The electoral rolls in Serbia in some cities show as many as 36,000 more eligible voters than the number of residents; the largest “surplus” of voters is registered in Novi Sad and Belgrade, while at the national level, there are 651,170 more voters than those eligible to vote.
This is shown by the data analyzed by Dušan Dačić, a student of the Faculty of Law interested in cartography, who has been analyzing various demographic data for a couple of years and presenting them in the form of maps.
One of the latest maps made in cooperation with economist Bojan Jovanović, who is in charge of mathematical verification of the data, shows the difference between people registered on the electoral rolls and the number of adult citizens in Serbia in 2018/2019.
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Dačić’s results show that Belgrade has 16.9% more registered voters than residents eligible to vote, or 232,655 more voters, followed by Central Serbia with 9.7% surplus or 288,422 voters and Vojvodina with a “surplus” of 8.2% voters, or 130,093 people eligible to vote.
A frequent argument used by authorities, that the most experienced researchers and demographers do not agree with, is that the surplus in the electoral rolls is due to a significant number of residents moving out of Serbia and that voters from the diaspora are not registered, but Dusan Dačić says that that argument does not hold up.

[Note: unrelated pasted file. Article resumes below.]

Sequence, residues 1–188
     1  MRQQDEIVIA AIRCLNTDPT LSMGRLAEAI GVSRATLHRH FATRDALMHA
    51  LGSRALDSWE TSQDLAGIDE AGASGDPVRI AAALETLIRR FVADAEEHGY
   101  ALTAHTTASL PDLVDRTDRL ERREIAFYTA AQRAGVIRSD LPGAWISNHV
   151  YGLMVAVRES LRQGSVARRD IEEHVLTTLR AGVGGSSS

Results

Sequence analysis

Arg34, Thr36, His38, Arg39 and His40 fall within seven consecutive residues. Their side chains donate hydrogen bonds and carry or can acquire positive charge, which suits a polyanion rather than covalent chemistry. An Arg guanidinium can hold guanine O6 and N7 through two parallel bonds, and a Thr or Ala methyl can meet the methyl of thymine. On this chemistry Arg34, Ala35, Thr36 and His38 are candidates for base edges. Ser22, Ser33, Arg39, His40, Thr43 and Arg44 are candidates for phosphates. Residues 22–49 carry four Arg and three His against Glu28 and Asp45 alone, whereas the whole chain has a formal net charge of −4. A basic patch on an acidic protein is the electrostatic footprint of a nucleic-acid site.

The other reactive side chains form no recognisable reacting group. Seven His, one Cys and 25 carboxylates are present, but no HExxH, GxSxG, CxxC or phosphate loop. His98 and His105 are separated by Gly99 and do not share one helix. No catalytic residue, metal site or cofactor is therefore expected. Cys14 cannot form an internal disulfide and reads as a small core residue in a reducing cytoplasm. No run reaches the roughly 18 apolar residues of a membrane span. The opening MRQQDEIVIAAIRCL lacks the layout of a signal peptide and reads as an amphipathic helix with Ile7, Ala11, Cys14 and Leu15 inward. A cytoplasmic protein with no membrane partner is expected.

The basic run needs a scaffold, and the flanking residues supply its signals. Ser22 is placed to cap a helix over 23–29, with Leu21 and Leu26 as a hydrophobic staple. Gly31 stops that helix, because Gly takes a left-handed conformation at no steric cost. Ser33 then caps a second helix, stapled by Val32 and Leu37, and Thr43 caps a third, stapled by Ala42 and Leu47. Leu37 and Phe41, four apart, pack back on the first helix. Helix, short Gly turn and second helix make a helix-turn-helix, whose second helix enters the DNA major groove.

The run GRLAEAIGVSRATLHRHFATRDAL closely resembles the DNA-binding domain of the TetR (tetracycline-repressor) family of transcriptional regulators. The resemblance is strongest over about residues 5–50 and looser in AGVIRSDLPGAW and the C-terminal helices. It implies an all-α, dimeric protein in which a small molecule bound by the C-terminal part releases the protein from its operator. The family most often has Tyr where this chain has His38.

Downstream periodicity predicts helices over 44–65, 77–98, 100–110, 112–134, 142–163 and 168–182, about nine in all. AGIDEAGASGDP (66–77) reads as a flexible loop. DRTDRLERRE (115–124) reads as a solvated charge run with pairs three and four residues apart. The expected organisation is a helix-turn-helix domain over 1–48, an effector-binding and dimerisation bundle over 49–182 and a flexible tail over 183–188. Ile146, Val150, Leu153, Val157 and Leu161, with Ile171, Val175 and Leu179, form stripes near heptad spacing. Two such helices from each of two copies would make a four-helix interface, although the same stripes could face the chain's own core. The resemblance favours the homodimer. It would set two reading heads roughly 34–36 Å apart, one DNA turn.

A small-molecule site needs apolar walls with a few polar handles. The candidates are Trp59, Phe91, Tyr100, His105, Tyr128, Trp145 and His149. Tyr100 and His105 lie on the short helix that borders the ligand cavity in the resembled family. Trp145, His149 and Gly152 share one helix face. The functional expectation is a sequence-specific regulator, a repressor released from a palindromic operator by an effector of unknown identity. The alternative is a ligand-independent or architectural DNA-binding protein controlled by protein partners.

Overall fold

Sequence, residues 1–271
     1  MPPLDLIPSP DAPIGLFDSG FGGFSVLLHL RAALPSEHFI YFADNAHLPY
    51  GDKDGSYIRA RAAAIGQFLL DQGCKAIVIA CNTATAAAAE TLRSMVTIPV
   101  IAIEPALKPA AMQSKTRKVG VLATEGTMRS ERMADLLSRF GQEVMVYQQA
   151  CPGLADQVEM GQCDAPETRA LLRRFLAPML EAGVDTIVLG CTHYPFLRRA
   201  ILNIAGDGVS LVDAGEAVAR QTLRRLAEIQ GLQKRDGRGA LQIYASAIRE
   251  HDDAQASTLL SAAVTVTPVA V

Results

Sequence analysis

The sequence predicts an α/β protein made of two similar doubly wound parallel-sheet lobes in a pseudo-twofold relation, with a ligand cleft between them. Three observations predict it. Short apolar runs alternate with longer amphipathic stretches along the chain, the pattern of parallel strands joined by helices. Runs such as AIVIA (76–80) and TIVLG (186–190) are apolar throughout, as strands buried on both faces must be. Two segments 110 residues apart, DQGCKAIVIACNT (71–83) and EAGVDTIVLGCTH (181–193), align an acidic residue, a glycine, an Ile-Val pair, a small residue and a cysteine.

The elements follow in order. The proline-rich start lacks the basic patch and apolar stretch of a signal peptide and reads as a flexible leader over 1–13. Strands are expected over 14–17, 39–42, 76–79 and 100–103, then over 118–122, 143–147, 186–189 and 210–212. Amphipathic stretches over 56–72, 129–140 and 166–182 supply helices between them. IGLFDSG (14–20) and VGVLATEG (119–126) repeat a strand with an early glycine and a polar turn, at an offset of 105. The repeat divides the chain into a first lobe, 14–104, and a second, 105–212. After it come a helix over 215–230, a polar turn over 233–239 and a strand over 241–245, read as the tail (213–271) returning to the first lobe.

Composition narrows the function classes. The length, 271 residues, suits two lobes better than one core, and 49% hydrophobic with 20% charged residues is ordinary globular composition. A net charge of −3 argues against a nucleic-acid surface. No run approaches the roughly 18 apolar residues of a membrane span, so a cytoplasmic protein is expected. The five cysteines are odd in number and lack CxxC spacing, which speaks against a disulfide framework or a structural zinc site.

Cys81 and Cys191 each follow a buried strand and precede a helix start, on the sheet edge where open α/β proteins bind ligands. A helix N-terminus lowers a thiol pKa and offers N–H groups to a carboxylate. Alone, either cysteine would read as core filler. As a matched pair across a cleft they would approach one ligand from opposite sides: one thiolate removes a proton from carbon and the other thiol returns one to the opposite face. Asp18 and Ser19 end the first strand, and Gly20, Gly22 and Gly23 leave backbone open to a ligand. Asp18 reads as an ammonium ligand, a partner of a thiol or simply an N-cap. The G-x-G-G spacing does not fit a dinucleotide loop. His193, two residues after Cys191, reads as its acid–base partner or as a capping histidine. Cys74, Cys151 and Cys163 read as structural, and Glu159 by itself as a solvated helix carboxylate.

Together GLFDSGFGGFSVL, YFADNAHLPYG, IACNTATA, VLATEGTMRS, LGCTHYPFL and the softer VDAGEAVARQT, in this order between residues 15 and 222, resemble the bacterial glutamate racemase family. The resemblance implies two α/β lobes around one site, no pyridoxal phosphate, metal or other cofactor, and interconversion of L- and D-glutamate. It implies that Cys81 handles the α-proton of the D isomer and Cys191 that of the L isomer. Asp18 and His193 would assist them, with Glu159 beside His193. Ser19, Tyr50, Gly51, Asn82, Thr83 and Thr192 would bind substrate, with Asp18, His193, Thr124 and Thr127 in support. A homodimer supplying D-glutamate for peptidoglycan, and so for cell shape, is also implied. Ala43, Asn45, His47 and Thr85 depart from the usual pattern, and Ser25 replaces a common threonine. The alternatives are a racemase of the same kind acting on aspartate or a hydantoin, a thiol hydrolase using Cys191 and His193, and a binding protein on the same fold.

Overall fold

“Some people have said that people living abroad are not included in the electoral roll but I disagree. We can see that the data shows that the greatest “surplus” of citizens on the electoral lists is in the largest cities, Novi Sad and Belgrade, and not in the smaller places which are known for excessive migration. On the contrary, smaller places here register a minus, i.e. a lack of people registered in the electoral roll,” Dačić says, concluding that only by comparing these smaller places can we see how many irregularities there are in the electoral rolls.
This post is also available in: Italiano